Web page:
Stemless Thistle (Cirsium acaulis)
Chalkhill Blue (Polyommatus cordon)
Harebell (Campanula rotundifolia)
Lady's Bedstraw (Gallium serum)
Wild Mignonette (Reseda lutea)
Musk Thistle (Carduus nutans)
Autumn Gentian - Gentainella amarella
Chalkhill Blue - Polyommatus cordon
Gatekeeper - Pyronia tithonus
Sea Holly - Eryngium maritmum
Common Sea Lavender - Limonium vulgare & Common Glasswort - Salocornia europa
Stonecrop after flowering
Lesser Sea Spurrey - Spergularia marina
Quite windy today so difficult to get totally focused pictures.
1 Greenish Warbler
High tide roost
Sandwich Tern - Thalasseus sandvicensis
Teasel - Dipsacus sylvestris
Just on the path nibbling away. Totally oblivious for just a few seconds and then he ran.
Bank Vole - Myodes gladiolus
Black Tailed Godwit
Bog Asphodel - Narthecium ossifragum
Cranberry - Vaccinium oxycoccos
Purple Moor Grass - Molinia caerulia
Kingfisher - Alcedo atthis
Red Admiral - Just waking up in the morning sunshine. - Vanessa atalanta
Hop - Smell the fermenting beer. - Humulus lupulus
Guilder Rose - Viburnum opulus
Common Darter - Sympetrum striatum
Heron - Ardea cinerea
Waterways - posts. Lillies & Reeds
Willow Emerald Damselfly - Chalcolestes viridis
Small Heath - Coenonympha pamphilus
Small Tortoiseshell - Aglais urticae
Red Backed Shrike
The last crab boat off the beach this morning.
Cormorant - Phalacrocorax carbo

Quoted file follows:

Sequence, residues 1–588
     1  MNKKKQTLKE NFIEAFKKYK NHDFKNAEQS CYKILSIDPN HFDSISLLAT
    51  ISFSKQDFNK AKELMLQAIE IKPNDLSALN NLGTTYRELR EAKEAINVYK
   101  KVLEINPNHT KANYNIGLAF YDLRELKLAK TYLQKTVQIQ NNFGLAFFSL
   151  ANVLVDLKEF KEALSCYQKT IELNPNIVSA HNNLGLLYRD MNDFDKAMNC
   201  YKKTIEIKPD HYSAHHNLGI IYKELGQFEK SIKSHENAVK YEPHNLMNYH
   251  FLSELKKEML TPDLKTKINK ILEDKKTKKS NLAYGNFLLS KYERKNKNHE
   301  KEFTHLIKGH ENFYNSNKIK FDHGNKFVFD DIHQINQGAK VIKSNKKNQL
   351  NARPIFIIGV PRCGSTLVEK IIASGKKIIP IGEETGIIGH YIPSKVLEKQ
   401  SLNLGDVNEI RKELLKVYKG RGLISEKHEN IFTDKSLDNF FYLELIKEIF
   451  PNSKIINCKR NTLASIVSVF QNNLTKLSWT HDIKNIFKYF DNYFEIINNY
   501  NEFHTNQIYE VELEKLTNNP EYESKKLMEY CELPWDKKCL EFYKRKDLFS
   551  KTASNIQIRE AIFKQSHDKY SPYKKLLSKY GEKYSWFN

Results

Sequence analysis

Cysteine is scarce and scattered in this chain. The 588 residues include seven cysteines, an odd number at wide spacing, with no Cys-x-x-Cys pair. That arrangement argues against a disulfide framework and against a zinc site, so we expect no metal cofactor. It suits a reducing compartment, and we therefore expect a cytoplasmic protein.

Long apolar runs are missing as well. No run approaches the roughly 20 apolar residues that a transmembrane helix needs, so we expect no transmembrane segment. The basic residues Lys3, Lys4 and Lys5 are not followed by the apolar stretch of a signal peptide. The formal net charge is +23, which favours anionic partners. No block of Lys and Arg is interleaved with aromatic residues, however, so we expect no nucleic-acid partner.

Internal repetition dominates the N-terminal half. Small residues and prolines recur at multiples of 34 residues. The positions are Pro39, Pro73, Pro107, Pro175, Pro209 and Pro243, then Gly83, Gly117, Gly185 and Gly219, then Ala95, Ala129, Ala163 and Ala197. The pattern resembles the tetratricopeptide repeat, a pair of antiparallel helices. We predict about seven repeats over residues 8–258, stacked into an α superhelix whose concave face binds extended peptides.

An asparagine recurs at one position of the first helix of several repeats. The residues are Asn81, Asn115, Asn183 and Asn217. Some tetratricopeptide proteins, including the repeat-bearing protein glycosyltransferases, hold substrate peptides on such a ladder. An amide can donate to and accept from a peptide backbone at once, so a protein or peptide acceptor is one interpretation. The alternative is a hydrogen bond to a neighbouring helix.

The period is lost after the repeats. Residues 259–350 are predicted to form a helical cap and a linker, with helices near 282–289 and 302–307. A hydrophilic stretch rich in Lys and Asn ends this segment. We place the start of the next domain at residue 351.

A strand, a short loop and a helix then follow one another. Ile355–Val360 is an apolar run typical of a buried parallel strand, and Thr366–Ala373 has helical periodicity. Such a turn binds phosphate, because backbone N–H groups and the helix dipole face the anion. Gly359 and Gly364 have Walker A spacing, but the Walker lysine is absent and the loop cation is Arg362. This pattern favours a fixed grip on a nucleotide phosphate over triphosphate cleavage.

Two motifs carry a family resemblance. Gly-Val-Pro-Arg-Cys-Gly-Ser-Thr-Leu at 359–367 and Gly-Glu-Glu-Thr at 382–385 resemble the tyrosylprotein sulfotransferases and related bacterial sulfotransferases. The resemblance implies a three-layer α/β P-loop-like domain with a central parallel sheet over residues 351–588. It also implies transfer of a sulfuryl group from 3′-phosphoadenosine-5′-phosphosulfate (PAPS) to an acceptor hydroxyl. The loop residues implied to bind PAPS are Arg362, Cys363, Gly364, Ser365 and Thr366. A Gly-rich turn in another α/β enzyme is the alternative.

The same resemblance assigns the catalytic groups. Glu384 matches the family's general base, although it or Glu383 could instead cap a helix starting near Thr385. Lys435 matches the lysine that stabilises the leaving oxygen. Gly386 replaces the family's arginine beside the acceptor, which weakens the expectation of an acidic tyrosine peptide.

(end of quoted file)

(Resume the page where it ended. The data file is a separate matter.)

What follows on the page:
Herring Gull - Larus argentatus argenteus
Turnstone - Arenaria interpres
Still here this morning.
But a little sleepier
with a bit more preening
in the morning sunshine.
Long Tailed Tit - Aegithalos caudates
Razor Shells - Ensis arcuatus
Alexander Mcqueen - 2001 for Voss
In McQueen’s Words
“My friend George and I were walking on the beach in Norfolk, and there were thousands of [razor-clam] shells. They were so beautiful,
I thought I had to do something with them. So, we decided to make [a dress] out of them. . . . The shells had outlived their usefulness
on the beach, so we put them to another use on a dress. Then Erin [O’Conner] came out and trashed the dress, so their usefulness
was over once again. Kind of like fashion, really.”
WWD, September 28, 2000
Alexander McQueen - Savage Beauty
A more recent use of razor shells by Norfolk artist Liz McGowan.
Great black - backed Gull (Larus marinus) & Herring Gull (Larus argentatus)
Great Black-backed Gull (Larus marinus)
Herring Gull (Larus argentatus)
A few Redwing exploding out of the sueda
One adult Peregrine in the sunshine out on the sand
one juvenile chasing pigeons in the dunes
A Marsh Harrier
A superb windswept day.
Scot's Pine (Pinus sylvestris)
Radde's Warbler somewhere in here. (Phylloscopus schwarzi)
Common Reed (Phragmites australis)
Holm Oak (Quercus ilex)
At least 3 Yellow Browed Warblers
Brambling a plenty of flying over
East Hills from the Northern end of Garden Drove
Can you just see the flash of red as the Redstart flew along the hedge line.
A whisper of Goldcrests flew along the track
dinking about in the sycamores overhead.
to the accompaniment
superbly viewed in the sycamore.
Red Breasted Flycatcher
which two turned up later.
It was in here first thing yesterday morning.
Not to be seen though.
Responded well to a recording
I forgot to switch my microphone
Fleeting glimpses in the sycamore
and gorse later in the morning.
First thing this morning it was in the bramble and willow herb
Perched on a bramble
reached for the sky.
The recorder was switched on this morning.
Stonechat (Saxicola rubicola)
Desert Wheatear (Oenanthe derserti)
Horned Poppy (Glaucium flavum)
Little Egret (Egretta garzetta)
The light changed so quickly this morning. From very dark to this last photo when the sun came out and bathed Salthouse.
The Wheatear liked this area this mronig.
Perching on the pole tops and eyeing the flies.
Dashing off, up and around - putting on a superb display.